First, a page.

Commonwealth Bank has been fined a record breaking $3.55 million after it was found to have breached spam laws.
A record breaking fine was handed down to Commonwealth Bank this week after the bank was found guilty of sending more than 65 million emails that breached Australian spam laws.
The Australian Communications and Media Authority (ACMA) found Commonwealth Bank had sent more than 61 million marketing emails to customers that required them to log in to unsubscribe, and a further four million emails without a working unsubscribe option, and over 5000 emails disregarding customer’s requests to unsubscribe. Under Australian law, companies must give people the option to unsubscribe from marketing messages and must make it easy to do so.
Commonwealth Bank was handed down a hefty $3.55 million fine for the breaches of the Spam Act 2003, the largest ever fine to be given by ACMA.
“ACMA gave early warnings it might have some issues and the steps it took were ineffective,” ACMA chair Nerida O’Loughlin said. “The failure to fix the issues shows a complete disregard for the spam rules and the rights of its customers. Consumers are frustrated by marketing intrusions on their privacy, especially when there is no option, or it is difficult, to unsubscribe.”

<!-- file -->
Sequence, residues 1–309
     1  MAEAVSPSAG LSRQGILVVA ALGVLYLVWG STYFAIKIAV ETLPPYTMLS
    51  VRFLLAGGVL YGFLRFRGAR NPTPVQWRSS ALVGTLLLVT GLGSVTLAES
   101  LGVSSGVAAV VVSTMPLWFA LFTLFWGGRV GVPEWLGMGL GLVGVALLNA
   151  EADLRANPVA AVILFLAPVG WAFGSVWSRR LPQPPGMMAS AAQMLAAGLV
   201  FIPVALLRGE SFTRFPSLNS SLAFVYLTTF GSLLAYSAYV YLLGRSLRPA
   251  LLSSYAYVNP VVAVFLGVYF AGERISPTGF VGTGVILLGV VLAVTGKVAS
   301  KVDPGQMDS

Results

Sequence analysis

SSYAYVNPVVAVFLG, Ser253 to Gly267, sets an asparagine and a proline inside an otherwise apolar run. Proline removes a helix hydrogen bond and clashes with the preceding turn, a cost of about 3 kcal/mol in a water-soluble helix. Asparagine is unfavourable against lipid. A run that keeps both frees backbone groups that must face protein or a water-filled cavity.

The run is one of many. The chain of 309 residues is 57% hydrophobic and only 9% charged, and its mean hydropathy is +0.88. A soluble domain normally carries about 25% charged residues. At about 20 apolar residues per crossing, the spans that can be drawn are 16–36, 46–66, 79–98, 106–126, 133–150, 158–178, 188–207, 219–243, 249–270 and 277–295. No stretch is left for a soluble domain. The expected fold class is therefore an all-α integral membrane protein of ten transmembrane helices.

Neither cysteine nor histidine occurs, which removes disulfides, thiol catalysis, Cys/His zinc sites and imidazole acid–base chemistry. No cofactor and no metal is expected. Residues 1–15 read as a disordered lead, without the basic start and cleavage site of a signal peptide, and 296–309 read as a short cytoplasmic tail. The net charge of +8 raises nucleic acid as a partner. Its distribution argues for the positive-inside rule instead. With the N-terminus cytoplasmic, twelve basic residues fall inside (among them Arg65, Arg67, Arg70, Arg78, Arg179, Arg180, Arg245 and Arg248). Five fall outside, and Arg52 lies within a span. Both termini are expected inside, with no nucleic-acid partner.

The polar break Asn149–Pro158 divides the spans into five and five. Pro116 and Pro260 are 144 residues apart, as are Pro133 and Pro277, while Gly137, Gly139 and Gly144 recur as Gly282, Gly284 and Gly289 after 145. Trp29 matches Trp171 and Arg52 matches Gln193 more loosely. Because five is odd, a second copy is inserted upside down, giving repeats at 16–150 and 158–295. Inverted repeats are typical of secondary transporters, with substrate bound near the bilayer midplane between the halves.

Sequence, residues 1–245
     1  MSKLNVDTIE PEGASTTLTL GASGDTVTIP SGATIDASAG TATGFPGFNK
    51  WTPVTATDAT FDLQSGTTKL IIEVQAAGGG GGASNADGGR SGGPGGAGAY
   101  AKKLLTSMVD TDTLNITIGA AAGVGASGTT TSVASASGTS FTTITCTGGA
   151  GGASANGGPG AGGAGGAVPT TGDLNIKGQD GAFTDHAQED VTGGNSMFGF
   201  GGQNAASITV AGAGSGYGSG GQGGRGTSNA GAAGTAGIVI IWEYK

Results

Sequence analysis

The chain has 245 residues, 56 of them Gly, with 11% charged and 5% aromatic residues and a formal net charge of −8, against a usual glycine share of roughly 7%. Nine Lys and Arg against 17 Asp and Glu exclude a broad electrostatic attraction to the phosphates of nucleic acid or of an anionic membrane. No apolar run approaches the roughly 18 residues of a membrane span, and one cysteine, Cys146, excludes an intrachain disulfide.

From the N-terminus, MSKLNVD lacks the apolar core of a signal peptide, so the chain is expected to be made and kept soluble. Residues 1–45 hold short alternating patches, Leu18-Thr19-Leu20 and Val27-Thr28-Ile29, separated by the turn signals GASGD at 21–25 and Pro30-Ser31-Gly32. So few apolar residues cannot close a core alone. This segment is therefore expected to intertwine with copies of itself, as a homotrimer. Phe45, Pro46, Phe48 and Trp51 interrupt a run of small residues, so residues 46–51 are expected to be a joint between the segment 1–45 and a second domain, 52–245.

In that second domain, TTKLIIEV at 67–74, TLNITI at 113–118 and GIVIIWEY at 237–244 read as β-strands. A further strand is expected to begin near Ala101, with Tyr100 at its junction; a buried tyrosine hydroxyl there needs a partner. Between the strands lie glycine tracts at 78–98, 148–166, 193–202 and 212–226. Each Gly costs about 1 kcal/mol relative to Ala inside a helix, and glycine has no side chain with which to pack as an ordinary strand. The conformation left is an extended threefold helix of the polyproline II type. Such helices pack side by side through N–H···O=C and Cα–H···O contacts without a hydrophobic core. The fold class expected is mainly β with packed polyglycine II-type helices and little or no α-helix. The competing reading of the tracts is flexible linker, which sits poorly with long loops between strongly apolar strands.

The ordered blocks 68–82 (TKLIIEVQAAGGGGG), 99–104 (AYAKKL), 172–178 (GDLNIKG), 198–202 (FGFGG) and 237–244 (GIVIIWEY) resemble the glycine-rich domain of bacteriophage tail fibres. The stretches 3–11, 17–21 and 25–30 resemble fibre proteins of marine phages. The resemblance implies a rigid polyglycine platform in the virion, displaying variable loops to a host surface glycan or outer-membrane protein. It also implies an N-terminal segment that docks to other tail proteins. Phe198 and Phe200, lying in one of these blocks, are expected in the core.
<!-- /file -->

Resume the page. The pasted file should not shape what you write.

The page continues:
Commonwealth Bank acknowledged accepted the findings of ACMA’s investigation. “We apologise to all customers impacted by these issues which should not have occurred,” CBA group executive marketing and corporate affairs Monique Macleod said. “We’ve fixed the problem and are making changes to ensure it doesn’t happen in the future.”
“Since reporting this matter to ACMA, we’ve fixed the issues that were the subject of ACMA’s investigation, and strengthened our systems, processes and controls to support ongoing compliance,” she said.
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